By Cole Faulkner
Philly indie/emo punk act Modern Baseball recently entered hiatus due in part to a case of writer’s block experienced by Jake Ewald. As part of his therapy he embarked on a side project, Slaughter Beach, Dog, that shifted his attention from songs about personal experience to the outward construction of a fictional town and creation of accompanying inhabitants. Ewald’s Motorcycle.jpg EP was a refreshingly vivid example of storytelling, and his follow-up full-length, Birdie, travels even deeper down the rabbit hole.
While Motorcycle.jpg by and large invoked an indie-rock approach, Birdie mellows by way of acoustic delivery and emotional intuition. Ewald channels his inner John K. Samson (The Weakerthans) in stripped down opener “Phoenix,” a song that lucidly describes an emergent relationship through affectionate descriptions of mundanities and memory that stick with the heart. Ewald’s delicate delivery unfolds in tandem with lyrics that envelops the listener in a momentary mirage: “Your mother asked for a picture, she says today is your birthday, in some strung out western stutter, making all the world her ashtray, she adjusts her aviators, with an absent shaking hand, tilts the camera 45 degree and calls out modelling commands.” Ewald’s somber tone intuitively builds an imagery and experience of that of a heavy heart.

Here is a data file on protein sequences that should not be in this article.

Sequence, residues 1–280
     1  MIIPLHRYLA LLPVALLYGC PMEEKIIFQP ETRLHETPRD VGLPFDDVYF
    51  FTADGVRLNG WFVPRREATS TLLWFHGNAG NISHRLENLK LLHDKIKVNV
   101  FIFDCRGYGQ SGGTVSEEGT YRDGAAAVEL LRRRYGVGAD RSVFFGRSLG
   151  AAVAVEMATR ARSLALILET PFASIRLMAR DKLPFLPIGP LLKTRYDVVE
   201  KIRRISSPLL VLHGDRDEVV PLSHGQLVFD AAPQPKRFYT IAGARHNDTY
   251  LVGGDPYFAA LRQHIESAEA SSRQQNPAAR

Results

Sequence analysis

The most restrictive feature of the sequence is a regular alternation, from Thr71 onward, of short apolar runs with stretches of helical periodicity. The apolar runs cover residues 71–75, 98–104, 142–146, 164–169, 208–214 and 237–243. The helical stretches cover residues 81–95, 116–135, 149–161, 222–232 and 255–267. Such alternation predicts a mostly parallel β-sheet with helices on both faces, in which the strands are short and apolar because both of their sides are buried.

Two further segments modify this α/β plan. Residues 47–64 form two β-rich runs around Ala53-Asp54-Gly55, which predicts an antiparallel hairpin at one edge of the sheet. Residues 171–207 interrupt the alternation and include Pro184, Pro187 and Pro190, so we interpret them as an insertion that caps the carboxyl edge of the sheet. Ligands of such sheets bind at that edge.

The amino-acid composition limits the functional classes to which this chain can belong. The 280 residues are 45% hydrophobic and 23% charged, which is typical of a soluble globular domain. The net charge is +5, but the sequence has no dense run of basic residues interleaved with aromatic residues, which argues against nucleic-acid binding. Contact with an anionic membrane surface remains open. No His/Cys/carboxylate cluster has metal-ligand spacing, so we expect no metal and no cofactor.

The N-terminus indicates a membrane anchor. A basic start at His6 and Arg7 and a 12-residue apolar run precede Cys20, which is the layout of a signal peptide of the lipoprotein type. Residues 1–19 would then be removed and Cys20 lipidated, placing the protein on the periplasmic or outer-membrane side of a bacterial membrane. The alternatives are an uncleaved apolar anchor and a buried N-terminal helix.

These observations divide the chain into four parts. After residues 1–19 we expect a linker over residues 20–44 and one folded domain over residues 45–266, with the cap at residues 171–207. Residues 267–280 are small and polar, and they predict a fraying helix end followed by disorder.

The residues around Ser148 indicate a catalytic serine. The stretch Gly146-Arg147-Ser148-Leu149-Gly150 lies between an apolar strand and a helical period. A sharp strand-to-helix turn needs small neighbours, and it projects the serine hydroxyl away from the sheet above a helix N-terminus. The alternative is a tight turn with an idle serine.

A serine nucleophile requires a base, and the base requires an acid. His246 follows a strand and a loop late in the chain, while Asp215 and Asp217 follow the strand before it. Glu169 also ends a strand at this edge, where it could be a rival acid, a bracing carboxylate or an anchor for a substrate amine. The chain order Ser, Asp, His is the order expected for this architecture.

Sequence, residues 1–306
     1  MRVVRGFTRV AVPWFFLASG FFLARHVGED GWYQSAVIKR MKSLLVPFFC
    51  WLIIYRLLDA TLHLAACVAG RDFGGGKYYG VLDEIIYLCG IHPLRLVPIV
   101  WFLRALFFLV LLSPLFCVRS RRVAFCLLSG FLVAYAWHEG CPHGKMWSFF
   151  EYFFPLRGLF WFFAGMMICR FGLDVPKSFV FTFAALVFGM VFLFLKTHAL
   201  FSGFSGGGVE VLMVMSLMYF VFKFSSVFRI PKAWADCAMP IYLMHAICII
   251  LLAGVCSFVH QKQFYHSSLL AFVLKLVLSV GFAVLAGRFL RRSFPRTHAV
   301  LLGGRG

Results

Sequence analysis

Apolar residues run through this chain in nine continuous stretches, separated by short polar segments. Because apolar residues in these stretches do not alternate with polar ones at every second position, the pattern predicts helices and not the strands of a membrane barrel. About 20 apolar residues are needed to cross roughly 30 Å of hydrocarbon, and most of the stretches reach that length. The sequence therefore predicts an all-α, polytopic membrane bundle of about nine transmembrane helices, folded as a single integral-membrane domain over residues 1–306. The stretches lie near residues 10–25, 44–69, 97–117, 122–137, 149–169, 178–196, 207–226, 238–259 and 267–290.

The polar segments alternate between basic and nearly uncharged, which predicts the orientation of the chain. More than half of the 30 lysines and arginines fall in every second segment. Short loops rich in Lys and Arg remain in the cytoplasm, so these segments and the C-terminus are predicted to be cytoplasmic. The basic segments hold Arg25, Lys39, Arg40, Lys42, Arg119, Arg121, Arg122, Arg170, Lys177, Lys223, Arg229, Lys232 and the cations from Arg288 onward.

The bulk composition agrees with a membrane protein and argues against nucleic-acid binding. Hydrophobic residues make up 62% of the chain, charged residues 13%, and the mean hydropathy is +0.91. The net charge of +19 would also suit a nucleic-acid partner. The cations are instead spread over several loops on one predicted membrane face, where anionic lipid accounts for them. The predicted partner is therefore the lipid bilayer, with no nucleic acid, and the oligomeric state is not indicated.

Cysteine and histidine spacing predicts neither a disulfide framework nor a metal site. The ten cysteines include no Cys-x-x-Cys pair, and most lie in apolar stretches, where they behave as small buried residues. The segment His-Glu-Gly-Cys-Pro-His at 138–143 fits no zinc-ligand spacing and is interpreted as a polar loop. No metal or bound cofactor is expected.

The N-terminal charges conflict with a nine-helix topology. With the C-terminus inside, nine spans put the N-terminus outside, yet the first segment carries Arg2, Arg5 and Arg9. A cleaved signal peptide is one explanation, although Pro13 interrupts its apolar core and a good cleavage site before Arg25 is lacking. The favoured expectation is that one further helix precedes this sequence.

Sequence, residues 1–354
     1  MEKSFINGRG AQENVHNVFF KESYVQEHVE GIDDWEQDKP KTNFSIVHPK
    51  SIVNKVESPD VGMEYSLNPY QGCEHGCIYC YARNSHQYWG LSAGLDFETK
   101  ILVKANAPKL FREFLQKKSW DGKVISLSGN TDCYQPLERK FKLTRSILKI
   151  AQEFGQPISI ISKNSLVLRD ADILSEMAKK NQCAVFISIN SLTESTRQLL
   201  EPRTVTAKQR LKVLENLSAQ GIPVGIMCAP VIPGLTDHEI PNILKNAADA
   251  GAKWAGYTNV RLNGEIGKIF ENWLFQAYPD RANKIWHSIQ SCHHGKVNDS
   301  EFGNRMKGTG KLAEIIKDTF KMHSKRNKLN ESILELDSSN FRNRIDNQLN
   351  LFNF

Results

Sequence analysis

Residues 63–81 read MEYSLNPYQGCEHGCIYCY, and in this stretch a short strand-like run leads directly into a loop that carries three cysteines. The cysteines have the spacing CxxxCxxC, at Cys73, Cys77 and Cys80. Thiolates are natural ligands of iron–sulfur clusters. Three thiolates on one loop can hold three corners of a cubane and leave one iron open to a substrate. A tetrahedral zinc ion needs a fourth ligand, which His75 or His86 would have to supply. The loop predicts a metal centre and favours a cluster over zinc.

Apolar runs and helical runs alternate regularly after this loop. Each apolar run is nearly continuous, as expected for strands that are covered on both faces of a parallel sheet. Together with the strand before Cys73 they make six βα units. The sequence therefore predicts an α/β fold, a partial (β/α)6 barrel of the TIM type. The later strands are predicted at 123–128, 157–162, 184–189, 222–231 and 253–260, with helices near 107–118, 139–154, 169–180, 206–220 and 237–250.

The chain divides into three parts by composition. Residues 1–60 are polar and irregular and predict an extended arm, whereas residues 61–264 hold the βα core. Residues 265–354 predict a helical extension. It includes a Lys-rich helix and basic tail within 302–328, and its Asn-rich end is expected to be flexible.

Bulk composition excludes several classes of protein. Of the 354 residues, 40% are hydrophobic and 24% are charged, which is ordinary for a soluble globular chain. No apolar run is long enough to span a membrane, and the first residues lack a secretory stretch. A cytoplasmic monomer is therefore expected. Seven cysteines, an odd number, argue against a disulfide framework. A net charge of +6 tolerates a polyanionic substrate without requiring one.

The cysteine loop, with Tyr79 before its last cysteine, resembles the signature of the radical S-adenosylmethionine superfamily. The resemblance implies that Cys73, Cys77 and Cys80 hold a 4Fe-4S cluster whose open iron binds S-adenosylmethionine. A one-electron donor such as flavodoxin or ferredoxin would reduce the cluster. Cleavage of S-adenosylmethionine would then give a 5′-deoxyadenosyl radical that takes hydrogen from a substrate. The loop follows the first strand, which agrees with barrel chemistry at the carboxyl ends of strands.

While Slaughter Beach, Dog is vocally damp, Ewald’s instrumental full band vision picks up the pace with layers of organ keys, wispy female vocals, and upbeat tempos. Take “Pretty Okay,” which provokes an easy Smoking Popes vibe both in Ewald’s anecdote-rich narrative style and lingering acoustic pop-punk informed chorus (even just the smooth pronounced way he enunciates the word “college” brings to mind the Smoking Popes song of the same name). Similar offerings include the sing along style “Sleepwalking” and whistle inducing “Acolyte” Comparatively, the slight indie keyboard and layered self-harmonies of “Gold and Green” evoke an early Mock Orange influence. At their core, these songs are simply a pleasure to become acquainted with. They’re charming in personality and entertaining in substance – like an unassuming conversational highlight with a typically introverted friend.
“Everything new is a little bit bad and everything old turns you off” sings Ewald in the chorus of “Bad Beer.” The curious little contradiction will likely appeal to the aging, thirty-something audience that Birdie will likely sit easiest with. Not to say that aging Millennials (aka “The Organ Trail Generation) won’t point to songs like “Friend Song” and “Buttercup” as a little slow moving and clunky in the midst of such a smooth track list, but they will surely appreciate the likenesses to many bands from their college years. Even beyond that, Slaughter Beach, Dog offers plenty of reasons for fans of indie/emo punk to take some time and become acquainted with Birdie’s vibrant world.